We teach our kids to respect adults and other children, and they should – respect is an important part of growing up to be a pretty great human. There’s something else though that’s even more important – teaching them to respect themselves first.

Sometimes that means letting them know when we don’t support something an adult in their lives has said or done and giving them permission to close down to the influence of those who contaminate their self-esteem, their happiness and their self concept. It’s not always easy or possible to withdraw from a relationship, but with our support they can minimize the influence and impact of those broken adults who might otherwise do harm.

Toxic relationships are ones in which someone’s own negative behavior can cause emotional damage or contaminate the way a child sees himself or herself. They can lead to anxiety, depression, physical illnesses and feelings of isolation. Children can end up blaming themselves and feeling guilt or shame. Even if there is something about our kids that needs a little bit of a nudge in a different direction, any behavior that makes them feel less than or ashamed just won’t do it. In fact, it will do damage.

We all have an inner voice. It’s the one that tells us how we’re going, whether we’re good enough, how we think the world sees us, what we’ve done wrong and what we’ve done right. When an adult is toxic, the risk is that the inner voice of the child will pick it up and make the words their own. Children are born awesome. Our job as the adults in their lives is to make sure they know this and to minimize the effect of anyone who might influence them to feel otherwise. When children feel stupid, slow, naughty, troublesome, untrustworthy, incapable or silenced in response to the comments of any adult in their lives, it’s time for us to be their voice.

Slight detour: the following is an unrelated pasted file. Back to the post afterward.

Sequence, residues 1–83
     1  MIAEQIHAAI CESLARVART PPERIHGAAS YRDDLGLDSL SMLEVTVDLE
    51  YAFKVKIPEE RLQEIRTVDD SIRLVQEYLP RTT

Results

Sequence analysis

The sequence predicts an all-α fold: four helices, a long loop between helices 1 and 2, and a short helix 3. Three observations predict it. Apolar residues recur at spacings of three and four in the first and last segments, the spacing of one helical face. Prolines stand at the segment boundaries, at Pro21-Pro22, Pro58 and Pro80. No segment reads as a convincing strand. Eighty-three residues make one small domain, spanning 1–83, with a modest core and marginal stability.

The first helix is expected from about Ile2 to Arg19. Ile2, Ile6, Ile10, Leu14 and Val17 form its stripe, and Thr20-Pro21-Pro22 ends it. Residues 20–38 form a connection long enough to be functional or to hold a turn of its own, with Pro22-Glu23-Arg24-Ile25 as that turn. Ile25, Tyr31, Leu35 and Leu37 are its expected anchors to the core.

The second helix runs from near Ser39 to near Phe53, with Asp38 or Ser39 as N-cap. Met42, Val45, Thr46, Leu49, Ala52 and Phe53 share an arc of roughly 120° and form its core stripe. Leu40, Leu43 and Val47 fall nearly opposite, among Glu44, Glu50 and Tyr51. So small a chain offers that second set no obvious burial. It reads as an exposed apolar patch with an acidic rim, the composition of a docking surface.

The Friends main goal is to reach out to the youth who have been traumatized by abuse in their lives and are now acting out with unhealthy behaviors. Through our prevention efforts since our Executive Director started them 3 years ago we have had an amazing amount of success. We started our first year with working with high risk teens and worked on a anti-bully project. Most of the youth stated that they were bullies and did not understand the need for them to participate. When explained that their knowledge was of great value to us they agreed to participate. For 7 months we worked on researching the effects of bullying on the victims. This type of awareness indirectly addresses their behaviors through the project. To say the least by the end of the project they personally stated in the three anti-bullying videos that we created that they we sorry for the way they treated individuals. They show remorse and regret for their behaviors. This indirectly addresses the behaviors and the impact it has had in their lives and the community

The Friends have been able to focus more on being proactive rather than reactive when it comes to child abuse and neglect. From the funds we received last year we worked with high risk teens creating a prevention video regarding child abuse. Two years ago we have started a program called “Breaking the Cycle” and have been extremely successful in reaching these high risk teens. Since creating this program we had 5 students come forward disclosing both sexual and physical abuse.


Paul Tonnessen
Executive Director